why you should not overcome objections-motivational sales speaker

Way before I ever became a motivational speaker, a sales trainer in Boston told me that you have to anticipate objections and then overcome them one by one. It sounded so good.

“Well, the timing just isn’t right for a new marketing strategy,” a prospect could object.

“But just think about how much you could lose by not implementing a new marketing strategy.” I was taught to overcome the objection.

Still to this day, old-school sales training tells sales people to overcome objections. This could not be more outdated, and here’s why. As a motivational sales speaker, I will often have a volunteer come up to the front of the room. I will ask her to put her hands up in front of her with her palms facing forward. I will then put my hands against hers and push. What does she always do?

She pushes back.

Every time.

When we push humans in a certain direction, they inevitably want to resist that. This is true in sales as well. By trying to overcome objections with a prepared statement, we are simply applying pressure.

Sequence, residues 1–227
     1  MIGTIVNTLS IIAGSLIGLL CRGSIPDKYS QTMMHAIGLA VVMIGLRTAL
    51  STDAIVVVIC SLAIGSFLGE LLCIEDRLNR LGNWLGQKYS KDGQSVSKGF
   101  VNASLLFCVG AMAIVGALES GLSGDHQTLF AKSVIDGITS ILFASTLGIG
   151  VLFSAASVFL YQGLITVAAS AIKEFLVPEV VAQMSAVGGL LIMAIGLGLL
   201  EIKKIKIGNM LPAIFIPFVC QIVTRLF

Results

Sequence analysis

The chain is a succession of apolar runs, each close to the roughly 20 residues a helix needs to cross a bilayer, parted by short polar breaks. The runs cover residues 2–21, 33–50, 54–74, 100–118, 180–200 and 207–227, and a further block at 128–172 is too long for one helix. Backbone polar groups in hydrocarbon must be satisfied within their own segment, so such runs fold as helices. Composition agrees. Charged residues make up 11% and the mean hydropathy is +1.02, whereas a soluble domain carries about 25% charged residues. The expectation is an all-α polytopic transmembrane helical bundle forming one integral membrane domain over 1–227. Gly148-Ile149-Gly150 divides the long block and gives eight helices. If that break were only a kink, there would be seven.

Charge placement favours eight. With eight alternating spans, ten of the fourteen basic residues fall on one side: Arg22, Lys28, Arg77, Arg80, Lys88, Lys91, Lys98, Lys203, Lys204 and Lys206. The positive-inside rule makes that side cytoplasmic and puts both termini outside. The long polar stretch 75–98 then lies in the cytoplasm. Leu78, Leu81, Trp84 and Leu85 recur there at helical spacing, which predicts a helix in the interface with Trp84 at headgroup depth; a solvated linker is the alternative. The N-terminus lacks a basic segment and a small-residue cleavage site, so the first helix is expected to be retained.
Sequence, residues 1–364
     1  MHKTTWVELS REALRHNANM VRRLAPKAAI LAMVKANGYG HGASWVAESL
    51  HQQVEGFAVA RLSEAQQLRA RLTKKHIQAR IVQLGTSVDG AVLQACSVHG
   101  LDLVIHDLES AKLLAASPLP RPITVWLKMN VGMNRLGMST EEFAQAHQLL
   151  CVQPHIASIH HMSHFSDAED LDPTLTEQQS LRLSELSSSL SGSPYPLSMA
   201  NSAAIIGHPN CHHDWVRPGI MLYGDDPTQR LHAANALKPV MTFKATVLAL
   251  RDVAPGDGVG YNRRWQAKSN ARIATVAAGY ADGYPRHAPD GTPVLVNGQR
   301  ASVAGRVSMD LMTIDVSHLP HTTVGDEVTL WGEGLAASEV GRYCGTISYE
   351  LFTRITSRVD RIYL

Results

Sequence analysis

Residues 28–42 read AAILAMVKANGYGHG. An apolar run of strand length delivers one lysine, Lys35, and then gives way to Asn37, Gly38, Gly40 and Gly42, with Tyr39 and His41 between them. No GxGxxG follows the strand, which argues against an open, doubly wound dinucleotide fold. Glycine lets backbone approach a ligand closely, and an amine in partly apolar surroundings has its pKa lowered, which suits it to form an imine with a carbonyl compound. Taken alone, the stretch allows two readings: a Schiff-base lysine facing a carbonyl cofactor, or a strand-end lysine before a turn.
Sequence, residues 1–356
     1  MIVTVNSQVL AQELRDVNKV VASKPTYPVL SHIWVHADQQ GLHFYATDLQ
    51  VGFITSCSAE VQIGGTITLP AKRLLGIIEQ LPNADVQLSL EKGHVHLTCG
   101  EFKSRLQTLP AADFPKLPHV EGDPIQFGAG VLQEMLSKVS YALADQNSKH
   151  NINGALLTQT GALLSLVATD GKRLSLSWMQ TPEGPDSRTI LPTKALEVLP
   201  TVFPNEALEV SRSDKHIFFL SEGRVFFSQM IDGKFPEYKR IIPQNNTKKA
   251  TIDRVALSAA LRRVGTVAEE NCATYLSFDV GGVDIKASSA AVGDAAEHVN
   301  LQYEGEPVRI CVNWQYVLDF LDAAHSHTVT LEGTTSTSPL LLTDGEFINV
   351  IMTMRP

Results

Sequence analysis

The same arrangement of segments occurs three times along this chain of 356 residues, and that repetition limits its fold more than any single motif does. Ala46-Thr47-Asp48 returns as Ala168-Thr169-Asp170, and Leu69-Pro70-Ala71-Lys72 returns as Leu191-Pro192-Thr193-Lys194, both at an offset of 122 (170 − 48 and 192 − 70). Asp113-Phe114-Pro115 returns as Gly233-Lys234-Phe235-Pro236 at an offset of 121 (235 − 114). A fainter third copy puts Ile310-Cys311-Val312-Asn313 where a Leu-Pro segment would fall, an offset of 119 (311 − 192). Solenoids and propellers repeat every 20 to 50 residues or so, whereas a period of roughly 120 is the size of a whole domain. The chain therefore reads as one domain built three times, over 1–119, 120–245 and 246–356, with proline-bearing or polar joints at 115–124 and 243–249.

New selling mindset: Whenever a prospect objects, it is an opportunity to understand the prospect on a deeper level. Rather than responding with a statement, respond with a question that can discover where that prospect is struggling.

Next time that prospect says, “I’m not sure if you can help me with my problem.”

Bite the urge to push back with, “But, we can help you with this, that and the other.”

Instead reply, “You may be right, tell me more about the problem that you mentioned.”

All pressure is removed and the prospect now opens up. You can more deeply understand the prospect’s challenges. In my sales training in Boston, I never want my clients to add pressure—rather remove it completely.

How do you handle objections right now? Please share below in the comments.

Written by Marc Wayshak, motivational sales speaker and author of the book, Game Plan Selling.

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